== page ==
Yoda-speak as a model for language design

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In his blog on MSDN, Microsoft software design engineer Matt Warren has proposed “Yoda-speak” as a useful model for designing more natural programming languages.

Matt has been one of the main drivers behind the evolution of the C# language. Though C# 2.0 is still awaiting its official release in Visual Studio 2005, the design of C# 3.0 is already complete, and Matt is looking to the horizon for what comes next in programming language design.

One of the main features in this upcoming version is Language Integrated Query (LINQ), which aims to provide all the power of database queries in general programming languages. Here’s an example of LINQ in action from Microsoft’s LINQ overview:



string[] names = { "Burke", "Connor", "Frank", 
                   "Everett", "Albert", "George", 
                   "Harris", "David" };

IEnumerable <string> expr = from s in names 
                           where s.Length == 5
                           orderby s
                           select s.ToUpper();

foreach (string item in expr)
  Console.WriteLine(item);

The trick, of course, is in assigning expr a value using syntax that resembles an SQL database query. This syntax, however, will be built right into C# 3.0 (among other .NET languages), and fully supported by the next major version of Visual Studio.

One mildly controversial difference between SQL and LINQ syntax is the appearance of ‘from’ ahead of ‘select’. In SQL, you nominate the action you want to perform (e.g. SELECT) before indicating where you want to perform this action (FROM) and how (WHERE). LINQ reverses this in a bid to describe queries in a way that is more natural for human beings.

Matt argues that this transition can (and will) be carried into the rest of the language, and this will be the innovation that characterizes the next wave of programming language redesign. His point gets a little lost, I feel, due to his poor command of Yoda-speak, but some of the examples put forward in the comments to his post hint at the potential.

Of course, Perl has had some of this almost since birth, and has gained a reputation for being needlessly cryptic as a result. From the Perl syntax documentation:

Many of Perl’s syntactic elements are optional. Rather than requiring you to put parentheses around every function call and declare every variable, you can often leave such explicit elements off and Perl will figure out what you meant. This is known as Do What I Mean, abbreviated DWIM. It allows programmers to be lazy and to code in a style with which they are comfortable.

Can current .NET languages like C# and VB.NET make the transition to the ostensibly more natural “Yoda ordering”, or will Microsoft–as Matt suggests–have to create YODA the Programming Language from scratch?

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  • http://nedthunkit.blogspot.com/ ikarys

    A good LINQ vid is located off the MSDN site.

    I recommend watching the LINQ video. Some of its benefits are astounding. I’m really curious what the Java camp will do to combat this move by MS.

  • Sojan80

    So I’m wondering, if YODA speak proliferates through web programming languages, does that then mean that all web programming languages will be taught by “web jedi masters”?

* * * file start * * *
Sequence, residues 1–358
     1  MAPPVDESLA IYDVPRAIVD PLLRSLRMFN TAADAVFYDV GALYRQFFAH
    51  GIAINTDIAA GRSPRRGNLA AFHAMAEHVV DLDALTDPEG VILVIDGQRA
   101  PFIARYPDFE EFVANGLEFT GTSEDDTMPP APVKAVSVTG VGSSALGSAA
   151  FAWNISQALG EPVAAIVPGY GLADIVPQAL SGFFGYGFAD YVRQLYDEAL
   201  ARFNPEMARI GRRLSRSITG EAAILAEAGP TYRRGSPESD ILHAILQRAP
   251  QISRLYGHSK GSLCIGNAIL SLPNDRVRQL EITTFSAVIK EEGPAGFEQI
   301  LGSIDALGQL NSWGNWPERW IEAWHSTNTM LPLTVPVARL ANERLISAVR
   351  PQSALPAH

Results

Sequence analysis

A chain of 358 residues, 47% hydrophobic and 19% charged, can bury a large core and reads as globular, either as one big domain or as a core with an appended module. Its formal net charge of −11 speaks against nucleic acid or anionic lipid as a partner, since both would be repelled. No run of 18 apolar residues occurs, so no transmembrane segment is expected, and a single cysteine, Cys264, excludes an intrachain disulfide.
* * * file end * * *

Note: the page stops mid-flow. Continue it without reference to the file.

• http://www.errewf.it RaS!

    What about the overhead of this?

  • http://www.solas.cc MCsolas

    Hehe .. I am already using this technique in coldfusion coding. You can practically read right through the code because of the variable naming conventions I have applied.

    Also, if your looking for the web jedi master, there can be only one.

    Coldfusions Jedi Master

  • Etnu

    Which is actually “more natural”?

    “Give me all the records from the orders table”
    (SELECT * FROM orders)

    “From the orders table, give me all the records”
    (FROM orders SELECT *)

    The LANGUAGE will never be the barrier in the programming world. It’s always going to come back to the LOGIC of things that makes programming difficult. The ‘casual user’ will never be able to program, no matter how natural you make the language. Sure, they could do queries, run simple commands, etc. (and, as such, natural language programming is quite suitable for small scripts and sql queries), but they’ll still never be able to build an enterprise class web service.

  • mattiasw

    Wow, MS has reinvented embedded SQL :-) which was very common 10-20 years ago.

    Before using LINQ, think about why embedded SQL isn’t used anymore (except maybe some die-hard Oracle fans).

    One of the biggest obstacles is vendor lock-in.

    Example of old-time embedded SQL:

    EXEC SQL BEGIN DECLARE SECTION;
    int thisSID;
    float thisGPA;
    EXEC SQL END DECLARE SECTION;
    EXEC SQL DECLARE CS145Student CURSOR FOR
    SELECT SID, GPA FROM Student WHERE SID IN
    (SELECT SID FROM Take WHERE CID = ’CS145’)
    FOR UPDATE;
    EXEC SQL OPEN CS145Student;
    EXEC SQL WHENEVER NOT FOUND DO break;
    while (1) {
    EXEC SQL FETCH CS145Student INTO :thisSID, :thisGPA;
    printf("SID %d current GPA %fn", thisSID, thisGPA);
    printf("Enter new GPA: ");
    scanf("%f", &thisGPA);
    EXEC SQL UPDATE Student SET GPA = :thisGPA
    WHERE CURRENT OF CS145Student;
    }
    EXEC SQL CLOSE CS145Student;
    
  • mattiasw

    Sorry for the missing end-tags in my post. A preview mode would be appreciated.

  • http://www.sitepoint.com/ Kevin Yank

    Fixed your comment up for you, mattias. Request for a preview noted.

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  • cfarrugia

    Some people have even turned YODA speak into a t-shirt! loool check it out http://www.cafepress.com/shribbles.44618301